Many different kinds of information could qualify as trade secrets. A trade secret could be any information that the business has an interest in keeping secret, including:
- Contract information
- Customer lists
- Financial information
- Marketing Plans
- Special recipes
- Development methods
- Secret formulas
- Specific processes
- Supplier lists
- Training materials
Duration and Geographic Scope Are Irrelevant to Determining an Agreement’s Reasonableness
The reasonableness of a confidentiality agreement does not depend on the duration or geographic scope of the agreement. A confidentiality agreement can last indefinitely, so long as the information protected remains confidential. Additionally, the information is confidential no matter where it is disseminated, so no limitations are required in terms of geographic scope.
For instance, a local restaurant develops a special barbeque sauce. The restaurant bottles and sells the barbeque sauce to customers. People come from all around to buy the barbeque sauce. To maintain the competitive advantage that this barbeque sauce gives the restaurant over competitors, the restaurant has employees who know how to make the sauce sign a confidentiality agreement. This confidentiality agreement protecting the recipe of the barbeque sauce will most likely be enforced, even if it does not contain any durational or geographic scope restrictions. However, if the restaurant then publishes a cookbook containing the recipe for the barbeque sauce, the confidentiality agreement will no longer be enforced because the information is no longer confidential, since the restaurant has made it available to the general public.
Specificity and Relevance Are Important When Enforcing an Agreement
An adequate confidentiality agreement helps ensure that information of value to a business or that gives a business a competitive edge remains confidential. If an employee reveals confidential information to a competitor or leaks it to the general public, a confidentiality agreement helps the business seek recourse against that employee.
To make sure that an agreement will be enforced if an employee reveals confidential information, it is important to make sure that the agreement adequately covers the business’s needs without becoming overbroad. When constructing a confidentiality agreement, it is important to ensure that the agreement clearly specifies certain details. For instance, the agreement should specify:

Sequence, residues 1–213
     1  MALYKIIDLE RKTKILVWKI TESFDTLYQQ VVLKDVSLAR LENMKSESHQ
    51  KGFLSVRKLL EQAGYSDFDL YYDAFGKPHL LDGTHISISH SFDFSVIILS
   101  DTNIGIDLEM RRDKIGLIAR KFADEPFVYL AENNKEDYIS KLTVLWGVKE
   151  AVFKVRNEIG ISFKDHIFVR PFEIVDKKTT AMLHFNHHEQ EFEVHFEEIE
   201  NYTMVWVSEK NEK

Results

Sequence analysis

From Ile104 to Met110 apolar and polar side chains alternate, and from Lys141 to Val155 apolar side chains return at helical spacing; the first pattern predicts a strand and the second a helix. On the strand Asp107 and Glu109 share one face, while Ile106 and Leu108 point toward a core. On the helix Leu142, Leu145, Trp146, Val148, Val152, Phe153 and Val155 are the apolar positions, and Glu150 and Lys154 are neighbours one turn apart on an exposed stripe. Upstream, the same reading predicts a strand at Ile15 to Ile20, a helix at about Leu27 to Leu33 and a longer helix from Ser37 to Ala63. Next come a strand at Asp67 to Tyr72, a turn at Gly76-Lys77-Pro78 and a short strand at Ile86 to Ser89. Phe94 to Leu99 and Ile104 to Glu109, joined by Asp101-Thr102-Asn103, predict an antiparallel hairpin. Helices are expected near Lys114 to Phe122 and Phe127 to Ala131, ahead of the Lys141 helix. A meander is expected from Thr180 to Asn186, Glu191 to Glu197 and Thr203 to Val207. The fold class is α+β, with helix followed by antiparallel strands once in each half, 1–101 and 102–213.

- What information or type of information the business desires to keep confidential
- Whether there is any authorized way to use the information
- Why the information should be kept confidential (e.g., gives the business a competitive advantage in the industry)
- Duration of the agreement (i.e., indefinitely, three years, etc.)
Clearly defining the terms of the agreement will help the court determine that the agreement is reasonable if the business has to enforce it. A business should also make sure that the agreement is tailored specifically to that business.
Without a confidentiality agreement, it is much more difficult to recover damages and take action against an employee who reveals confidential information and hurts a business’s bottom line.
Waiting until someone breaches a business’s confidence can be too late. Having a reasonable and adequate confidentiality agreement in place, however, can show the court that the employee knew of the confidential information and revealed the information despite the agreement. While a court cannot reverse the dissemination of the confidential information, it can award damages to the business to mitigate some of the harm that the business suffered due to the revelation.
Your Denver Business Attorneys
Meet with one of the experienced lawyers at Robinson & Henry, P.C., to construct a confidentiality agreement that meets the needs of your business. To schedule a free consultation, call us today.